20130313-213719.jpg but it was a magical place. We even saw a wild boar family cross the trail, mom, pop, and six boarlets.

Thursday we went to another part of Bulow Creek where there are ruins of a 19th century sugar mill.

20130313-214202.jpgThis was a big operation with 200 slaves tending 1000 acres of sugar cane. It was destroyed in the Second Seminole War in 1836 and never rebuilt. We toured the ruins, had a picnic lunch, then walked the six mile trail from the north end. We got another glimpse of wild boars and heard lots of oinking and squealing off in the underbrush.

Friday we rode our bikes around a bit then got packed up and departed for Dave and Linda’s house in Port St Lucie, about three hours further south on I95.

D&L are friends from our Philadelphia years and it’s always great to get back together. Saturday we went to the Ft Pierce farmers market and craft show, then a nice lunch right on the beach at the Driftwood Inn in Vero Beach.

20130313-220159.jpg After lunch we stopped at the Endless Summer Winery on the way back to D&L’s condo. Tasting was fun as they had about a dozen different wines to try. They were all based on the Muscadine grape which grows well in the Florida climate. It’s sweet and grapey tasting but some were blends with dryer varieties that were quite good.

Sunday morning we went to D&L’s Methodist church for the rock and roll service. They had a good band in place of the choir who were entertaining; the service was quite informal but seemed just as ‘religious’ as a more conventional church. Sunday evening we competed in a trivia contest organized by their homeowners association. There were about 150 people grouped into teams of eight. We started strong but faded badly in the second half. Who knew San Diego was a bigger Navy base than Norfolk or that the Supreme Court decided Miranda vs. Arizona before Roe vs. Wade? It was a fun evening nevertheless.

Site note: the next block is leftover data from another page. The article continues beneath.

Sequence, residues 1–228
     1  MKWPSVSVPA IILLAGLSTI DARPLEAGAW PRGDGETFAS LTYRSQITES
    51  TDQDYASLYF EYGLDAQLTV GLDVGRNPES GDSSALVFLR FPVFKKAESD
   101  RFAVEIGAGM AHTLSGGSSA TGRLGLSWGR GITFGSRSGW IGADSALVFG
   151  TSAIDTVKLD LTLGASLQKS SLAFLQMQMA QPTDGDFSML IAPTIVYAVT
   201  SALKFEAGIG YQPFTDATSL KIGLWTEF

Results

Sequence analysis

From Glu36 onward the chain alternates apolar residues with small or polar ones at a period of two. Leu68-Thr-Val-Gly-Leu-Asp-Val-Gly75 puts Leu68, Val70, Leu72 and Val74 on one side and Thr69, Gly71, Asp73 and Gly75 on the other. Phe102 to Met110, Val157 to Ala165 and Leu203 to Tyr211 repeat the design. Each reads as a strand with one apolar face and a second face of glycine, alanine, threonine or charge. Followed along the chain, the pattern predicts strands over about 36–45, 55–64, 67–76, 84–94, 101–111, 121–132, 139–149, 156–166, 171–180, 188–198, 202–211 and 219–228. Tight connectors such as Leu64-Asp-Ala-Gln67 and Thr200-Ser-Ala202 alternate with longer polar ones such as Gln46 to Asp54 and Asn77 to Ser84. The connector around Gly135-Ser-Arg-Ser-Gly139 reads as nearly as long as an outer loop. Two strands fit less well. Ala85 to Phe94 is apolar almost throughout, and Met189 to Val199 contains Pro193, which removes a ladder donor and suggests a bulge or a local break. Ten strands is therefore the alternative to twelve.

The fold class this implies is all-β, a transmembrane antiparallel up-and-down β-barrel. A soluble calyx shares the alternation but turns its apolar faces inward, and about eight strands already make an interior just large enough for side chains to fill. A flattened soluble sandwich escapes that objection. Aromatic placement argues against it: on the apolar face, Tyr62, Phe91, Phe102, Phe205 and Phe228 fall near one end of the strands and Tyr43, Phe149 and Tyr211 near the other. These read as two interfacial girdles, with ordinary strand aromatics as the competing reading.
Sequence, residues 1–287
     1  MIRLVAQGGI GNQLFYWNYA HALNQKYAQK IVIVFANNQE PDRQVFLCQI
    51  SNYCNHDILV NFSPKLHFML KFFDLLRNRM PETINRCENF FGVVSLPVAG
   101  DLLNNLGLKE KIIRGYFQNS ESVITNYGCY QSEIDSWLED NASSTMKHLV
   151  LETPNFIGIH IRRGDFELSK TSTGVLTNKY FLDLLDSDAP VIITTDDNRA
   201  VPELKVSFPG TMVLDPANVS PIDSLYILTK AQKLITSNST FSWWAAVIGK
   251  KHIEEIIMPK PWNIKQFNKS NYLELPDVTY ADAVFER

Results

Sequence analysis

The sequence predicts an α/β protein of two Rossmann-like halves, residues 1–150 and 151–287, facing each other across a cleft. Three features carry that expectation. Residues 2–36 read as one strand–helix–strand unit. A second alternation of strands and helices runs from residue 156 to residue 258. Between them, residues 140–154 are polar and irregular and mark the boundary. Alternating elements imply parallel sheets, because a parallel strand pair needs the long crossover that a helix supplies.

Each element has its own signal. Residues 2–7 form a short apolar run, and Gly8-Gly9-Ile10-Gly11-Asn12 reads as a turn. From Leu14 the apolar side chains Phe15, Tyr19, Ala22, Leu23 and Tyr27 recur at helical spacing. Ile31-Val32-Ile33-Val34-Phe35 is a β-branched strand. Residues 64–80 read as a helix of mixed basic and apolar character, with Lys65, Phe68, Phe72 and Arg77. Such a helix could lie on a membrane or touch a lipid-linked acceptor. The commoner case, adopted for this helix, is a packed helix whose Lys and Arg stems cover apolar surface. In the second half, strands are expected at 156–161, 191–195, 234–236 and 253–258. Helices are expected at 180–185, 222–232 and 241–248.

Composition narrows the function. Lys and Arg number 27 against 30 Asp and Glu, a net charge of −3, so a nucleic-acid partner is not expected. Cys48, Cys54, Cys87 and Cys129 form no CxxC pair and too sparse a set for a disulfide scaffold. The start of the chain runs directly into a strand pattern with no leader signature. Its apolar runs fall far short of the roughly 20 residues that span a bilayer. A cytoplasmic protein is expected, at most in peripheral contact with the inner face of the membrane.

Monday was a three hour drive across the state to Sue’s parents’ house. Linda recommended we stop for lunch at Mary Margaret’s Tea House in Arcadia. We were seated by a guy in a top hat and tails and served cucumber sandwiches and hibiscus tea. It was better than it sounds.

When we tried to unpack at Sue’s parents house we found the trailer door lock wouldn’t unlock. We finally broke in after a couple of hours with a guy at the Snoozy factory on the phone giving advice. Turned out a screw fell out of the internal mechanism, easy to fix once I was inside. We didn’t break anything and now I know how to get in with just a screwdriver and a nail. Not much of a silver lining in a sizable grey cloud, but it’s something.

The rest of the week will be puttering around on the trailer and visiting with Earl and Greta then off to Koreshan State Park in Fort Myers Friday.


2 thoughts on “Daytona Beach

  1. That forest looks very cool; if you want to dig up some of those palm trees and putt them in my yard, that would save me some money.

    Does that tea house have a grass runway behind it? It seems like I remember reading about a similar place in one of my airplane magazines.